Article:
Courtesy Becky Hostetter
It’s a theme that many restaurateurs and chefs have been echoing for the last two months: that the margins in restaurants are so slim that even a short disruption of service can bring them back to square one or starting over. And while Hostetter’s landlords at her three Duos Indy locations (Indianapolis City Market, Eskenazi Health, and International Medical Group) have been especially gracious in offering extensions and letting Duos gain its footing again, the ongoing closure has been devastating for her staff, as well as her food truck and the catering arm of her culinary group. “To come after the winter slow season was particularly hard,” Hostetter says. “We’re missing what should be one of our busiest times.” That, coupled with the usual ups and downs of the business, has left Hostetter with a particularly steep climb ahead of her in saving her business.
[pullquote align=”left” caption=””]“We’re missing what should be one of our busiest times.”[/pullquote]For a growing handful of independent and corporate restaurants, that’s an obstacle they have already failed to tackle. The recent news that several bars and restaurants (Old Pro’s Table, Morton’s the Steakhouse, Fleming’s Prime Steakhouse and Wine Bar, DiBella’s Subs, and Bravo! Cucina Italiana) have permanently closed in the Indy area leaves many wondering how many others will succumb to the Coronavirus crisis. It’s a mood of fear and confusion that extends even to well-meaning relief efforts. Like many restaurant owners, Hostetter and her partners applied for funds through the national Paycheck Protection Program (PPP). But weeks-long delays in receipt of funding and a short timeframe (just eight weeks) for using the funds before they turn from grants to loans that businesses will eventually have to pay back, has been frustrating for Hostetter. “It’s another effort by the government that had promise but wasn’t thought through all the way,” Hostetter says.
Add to that confusion the new guidelines about Indianapolis restaurants opening to outdoor seating, then partial occupancy by later in June. “If you look at the number of cases, we’re not in a downward trend,” Hostetter says. “The number of infections goes down a day, then it spikes up again. We’re not young 20-year-olds. Why would we want to put our staff and our customers at risk? This rush to open feels like it’s based in fear. And that’s no place to operate from.” Hostetter, who is 65, and husband David, who will turn 69 this year, have been lucky to have stayed safe from the virus. But at least one staff member tested positive without symptoms, and the Hostetters have been touched by the pandemic. “We’ve known five people who have died, and some of our dearest friends are dealing with it right now.”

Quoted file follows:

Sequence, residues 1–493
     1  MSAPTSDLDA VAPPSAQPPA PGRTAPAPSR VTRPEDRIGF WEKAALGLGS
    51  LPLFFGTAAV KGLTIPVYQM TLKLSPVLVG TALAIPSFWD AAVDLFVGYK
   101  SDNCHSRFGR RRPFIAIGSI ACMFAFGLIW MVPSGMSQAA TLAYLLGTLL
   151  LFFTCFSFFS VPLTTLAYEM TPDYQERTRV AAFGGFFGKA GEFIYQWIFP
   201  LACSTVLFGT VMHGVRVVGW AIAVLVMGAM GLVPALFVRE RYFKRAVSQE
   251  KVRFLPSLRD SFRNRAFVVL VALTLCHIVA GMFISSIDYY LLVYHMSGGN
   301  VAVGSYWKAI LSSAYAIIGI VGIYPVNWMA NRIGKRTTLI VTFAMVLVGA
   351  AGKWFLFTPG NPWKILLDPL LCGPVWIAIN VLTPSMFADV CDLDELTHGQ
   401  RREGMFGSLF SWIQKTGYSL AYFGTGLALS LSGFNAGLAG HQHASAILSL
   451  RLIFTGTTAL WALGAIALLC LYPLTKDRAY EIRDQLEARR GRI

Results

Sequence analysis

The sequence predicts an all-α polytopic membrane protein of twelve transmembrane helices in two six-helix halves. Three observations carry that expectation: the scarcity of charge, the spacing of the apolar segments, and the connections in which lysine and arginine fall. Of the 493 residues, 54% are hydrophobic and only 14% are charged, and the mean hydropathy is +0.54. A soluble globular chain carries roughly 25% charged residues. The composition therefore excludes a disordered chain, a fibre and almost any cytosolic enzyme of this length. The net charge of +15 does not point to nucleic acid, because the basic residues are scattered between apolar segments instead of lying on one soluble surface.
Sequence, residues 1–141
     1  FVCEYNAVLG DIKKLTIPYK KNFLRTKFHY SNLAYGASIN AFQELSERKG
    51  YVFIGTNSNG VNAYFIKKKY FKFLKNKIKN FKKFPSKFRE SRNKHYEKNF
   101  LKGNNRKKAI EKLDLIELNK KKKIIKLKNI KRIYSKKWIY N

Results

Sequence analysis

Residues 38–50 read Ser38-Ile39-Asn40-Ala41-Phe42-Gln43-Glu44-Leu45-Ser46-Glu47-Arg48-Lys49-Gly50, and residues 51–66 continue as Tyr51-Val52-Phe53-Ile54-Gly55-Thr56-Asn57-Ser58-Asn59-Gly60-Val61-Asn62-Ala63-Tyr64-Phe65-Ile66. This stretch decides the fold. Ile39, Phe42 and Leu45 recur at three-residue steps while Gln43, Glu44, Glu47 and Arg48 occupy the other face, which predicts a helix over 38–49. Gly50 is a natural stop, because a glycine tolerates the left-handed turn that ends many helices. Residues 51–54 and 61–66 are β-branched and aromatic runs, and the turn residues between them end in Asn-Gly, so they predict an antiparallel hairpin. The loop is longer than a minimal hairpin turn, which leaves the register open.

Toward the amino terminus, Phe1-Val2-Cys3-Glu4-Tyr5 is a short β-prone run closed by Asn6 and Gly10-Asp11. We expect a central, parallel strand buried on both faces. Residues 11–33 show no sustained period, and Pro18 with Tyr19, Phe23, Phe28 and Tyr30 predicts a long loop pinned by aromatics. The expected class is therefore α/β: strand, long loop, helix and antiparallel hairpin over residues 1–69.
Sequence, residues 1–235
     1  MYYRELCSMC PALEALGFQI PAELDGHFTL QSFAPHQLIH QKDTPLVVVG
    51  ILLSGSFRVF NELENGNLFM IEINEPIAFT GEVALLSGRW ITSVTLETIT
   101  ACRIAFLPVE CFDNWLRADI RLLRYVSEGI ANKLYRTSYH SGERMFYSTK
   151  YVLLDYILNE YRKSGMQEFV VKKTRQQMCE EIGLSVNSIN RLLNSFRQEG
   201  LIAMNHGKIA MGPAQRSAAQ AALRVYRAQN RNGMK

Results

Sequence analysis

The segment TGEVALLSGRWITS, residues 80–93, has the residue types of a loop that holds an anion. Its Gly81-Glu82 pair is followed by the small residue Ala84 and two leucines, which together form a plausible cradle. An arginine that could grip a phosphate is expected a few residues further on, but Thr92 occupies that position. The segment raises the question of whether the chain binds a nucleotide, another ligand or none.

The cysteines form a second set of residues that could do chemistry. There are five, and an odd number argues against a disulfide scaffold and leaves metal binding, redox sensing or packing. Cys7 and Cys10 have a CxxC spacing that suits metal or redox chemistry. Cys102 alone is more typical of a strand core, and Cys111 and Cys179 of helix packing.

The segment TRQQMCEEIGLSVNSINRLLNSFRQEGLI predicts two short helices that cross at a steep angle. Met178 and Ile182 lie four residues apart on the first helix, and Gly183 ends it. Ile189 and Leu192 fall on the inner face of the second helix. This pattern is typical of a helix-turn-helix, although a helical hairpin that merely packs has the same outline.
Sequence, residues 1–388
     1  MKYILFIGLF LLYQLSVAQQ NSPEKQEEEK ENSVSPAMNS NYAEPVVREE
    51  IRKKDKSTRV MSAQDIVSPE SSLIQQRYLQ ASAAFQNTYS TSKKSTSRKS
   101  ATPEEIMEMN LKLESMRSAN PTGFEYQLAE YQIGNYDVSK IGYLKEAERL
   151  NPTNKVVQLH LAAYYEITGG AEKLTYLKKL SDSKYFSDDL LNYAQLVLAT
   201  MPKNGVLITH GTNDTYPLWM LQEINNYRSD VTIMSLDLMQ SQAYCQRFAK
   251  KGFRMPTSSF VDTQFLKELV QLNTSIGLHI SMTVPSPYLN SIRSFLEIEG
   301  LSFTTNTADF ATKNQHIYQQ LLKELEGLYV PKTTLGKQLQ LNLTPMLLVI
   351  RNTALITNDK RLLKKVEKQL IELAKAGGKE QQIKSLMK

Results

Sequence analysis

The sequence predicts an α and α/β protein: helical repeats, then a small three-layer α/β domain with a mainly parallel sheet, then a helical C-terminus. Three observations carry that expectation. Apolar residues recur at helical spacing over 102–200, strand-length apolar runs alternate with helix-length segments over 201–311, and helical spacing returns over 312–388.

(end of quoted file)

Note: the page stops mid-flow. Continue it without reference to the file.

“The number of infections goes down a day, then it spikes up again. Why would we want to put our staff and our customers at risk? This rush to open feels like it’s based in fear. And that’s no place to operate from.”
Why not carryout, a means that some restaurants have used to maintain a revenue stream while keeping a profile among local diners? “We tried it for a couple of weeks,” Hostetter says. “Micah [Micah Frank, longtime Black Market chef and partner who now works for Duos Indy] was a miracle worker. He used whatever we had left in such creative ways. And our customers were absolutely loyal in tapping us for big carryout orders and buying gift cards. But we don’t have a viable storefront that people are looking for, and it wasn’t worth it for just a couple of hundred dollars a day.” When might Duos open again? “We don’t know yet. Maybe July. Maybe late summer. In many ways, our 30th and Meridian commissary has the space to allow staff to be socially distant. But we’re not there yet.”
[pullquote align=”right” caption=””]I hope that customers will come away with an appreciation for their local independent restaurants.[/pullquote]What does Hostetter hope will come about because of this crisis? “Of course, from a sanitation point, I hope that happens and stays. And I hope that people are able to dine again without fear. More importantly, I hope that customers will come away with an appreciation for their local independent restaurants. We take it for granted that a growing city like Indy will have a good food scene, but that has only come with a lot of blood, sweat, and tears. For example, at Duos, we work to have a price point that’s accessible to a wide range of customers. I hope that people will understand what a tricky formula that is, especially when we’re trying to make homemade, delicious food utilizing as much local farm produce as is feasible for us. If I have to raise the price on an item by 50 cents, I hope that they know I’m not just doing this willy-nilly.”
Beyond her own restaurants, Hostetter misses eating the creative, well-made food of her friends in the Indy restaurant scene, restaurants she would have visited in the past at least twice a week. “Running into people I enjoy, being able to bask in the comfort of a beautiful restaurant, and eat the food that a peer has thoughtfully prepared. That’s priceless, and I miss it,” Hostetter says. “But we’ve had some long discussions at home over the last few weeks. We’re just now getting to the point where we can enjoy life, our awesome friends, and our grandchildren. Why chance that?” Hostetter is especially angered by the news from other states about people rushing to crowd into long-shuttered restaurants. “I think my age gives me more pause and a sense of seriousness about our current situation. I try to approach what I’ve been given in life with gratitude and not with the attitude that nothing will touch me.”